To serve as a bridge between various business areas and IT and to provide informal guidance, you could select IT guardians or mentors. Setting up an email address can be all that is necessary.

Empower your team to recognise cybersecurity warning signs
For instance, a generic greeting (Dear Customer), subpar logos, spelling errors, a deadline, phoney domain names, inconsistent sender information, etc. All of these are indicators of a cyberattack. If your staff is aware of these symptoms, you can act swiftly to prevent more damage.

Verify the password
Weak passwords are one of the most frequent reasons for a cybersecurity breach, and people frequently reuse them across all of their accounts. According to a survey by Specops Software, 51.61% of respondents reveal the passwords to their streaming websites, while another 21.43% are unsure if the passwords are then shared with others.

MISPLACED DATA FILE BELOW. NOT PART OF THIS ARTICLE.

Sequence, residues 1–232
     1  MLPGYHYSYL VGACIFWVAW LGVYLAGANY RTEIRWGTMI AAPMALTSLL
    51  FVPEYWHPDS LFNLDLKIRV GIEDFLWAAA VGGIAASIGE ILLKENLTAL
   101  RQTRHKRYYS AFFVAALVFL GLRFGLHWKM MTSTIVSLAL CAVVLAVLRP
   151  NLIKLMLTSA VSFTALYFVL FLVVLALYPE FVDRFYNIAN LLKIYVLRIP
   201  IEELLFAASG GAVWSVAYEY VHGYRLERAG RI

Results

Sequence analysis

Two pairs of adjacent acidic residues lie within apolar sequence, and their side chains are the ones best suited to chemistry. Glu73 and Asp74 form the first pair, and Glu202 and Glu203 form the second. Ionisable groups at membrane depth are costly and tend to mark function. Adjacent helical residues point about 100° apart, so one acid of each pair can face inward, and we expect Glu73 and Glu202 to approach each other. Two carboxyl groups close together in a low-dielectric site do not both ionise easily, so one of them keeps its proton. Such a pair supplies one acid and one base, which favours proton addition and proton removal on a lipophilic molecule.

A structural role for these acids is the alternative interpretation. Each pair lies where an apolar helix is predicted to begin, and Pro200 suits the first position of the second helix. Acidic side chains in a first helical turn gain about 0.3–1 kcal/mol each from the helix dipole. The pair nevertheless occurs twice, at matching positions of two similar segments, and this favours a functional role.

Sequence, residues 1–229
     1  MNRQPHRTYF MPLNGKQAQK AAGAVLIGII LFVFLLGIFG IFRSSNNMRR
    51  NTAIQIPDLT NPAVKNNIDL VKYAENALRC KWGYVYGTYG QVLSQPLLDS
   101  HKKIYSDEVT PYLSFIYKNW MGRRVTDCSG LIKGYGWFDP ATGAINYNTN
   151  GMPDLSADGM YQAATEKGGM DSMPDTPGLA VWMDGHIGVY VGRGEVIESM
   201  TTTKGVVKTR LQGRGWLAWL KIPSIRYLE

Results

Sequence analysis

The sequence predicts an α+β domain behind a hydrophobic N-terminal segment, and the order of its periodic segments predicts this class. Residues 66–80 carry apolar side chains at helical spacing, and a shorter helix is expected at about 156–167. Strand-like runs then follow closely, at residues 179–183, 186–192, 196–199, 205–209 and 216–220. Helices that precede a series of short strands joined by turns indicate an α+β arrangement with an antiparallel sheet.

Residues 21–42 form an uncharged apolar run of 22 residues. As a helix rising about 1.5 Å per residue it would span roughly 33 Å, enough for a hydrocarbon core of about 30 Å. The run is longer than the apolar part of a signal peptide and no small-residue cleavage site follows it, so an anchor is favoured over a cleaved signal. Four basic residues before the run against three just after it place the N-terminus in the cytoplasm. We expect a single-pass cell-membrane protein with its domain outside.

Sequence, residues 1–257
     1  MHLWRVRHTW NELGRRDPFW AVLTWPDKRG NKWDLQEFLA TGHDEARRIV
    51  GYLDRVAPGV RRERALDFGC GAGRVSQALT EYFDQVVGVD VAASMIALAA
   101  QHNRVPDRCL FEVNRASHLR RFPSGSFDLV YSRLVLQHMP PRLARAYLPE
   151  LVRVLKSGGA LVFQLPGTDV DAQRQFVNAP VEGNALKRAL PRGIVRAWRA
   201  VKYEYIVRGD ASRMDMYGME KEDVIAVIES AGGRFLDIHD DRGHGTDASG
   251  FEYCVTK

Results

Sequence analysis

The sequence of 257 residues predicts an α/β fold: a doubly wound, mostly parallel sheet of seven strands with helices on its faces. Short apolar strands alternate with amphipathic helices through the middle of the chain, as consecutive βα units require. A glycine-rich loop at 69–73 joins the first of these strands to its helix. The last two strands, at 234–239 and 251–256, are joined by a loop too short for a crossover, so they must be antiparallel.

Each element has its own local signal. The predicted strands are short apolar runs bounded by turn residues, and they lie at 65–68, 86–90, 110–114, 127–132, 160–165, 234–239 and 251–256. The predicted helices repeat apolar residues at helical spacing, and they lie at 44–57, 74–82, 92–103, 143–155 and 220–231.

Put multi-factor authentication to use
With multi-factor authentication, at least one additional method of personal identification is required in order to access software or complete a transaction.

It might be as easy as keying in a word that comes to mind or using a passcode from a text message or special app.

Maintain software updates
Any software that isn’t company-wide or available on mobile devices should be avoided. Patches to address security flaws are frequently released, and failing to use them puts you vulnerable to intrusions. Not only are software updates crucial for system performance, but they are also essential for cybersecurity.

Deploy only authorised connections and equipment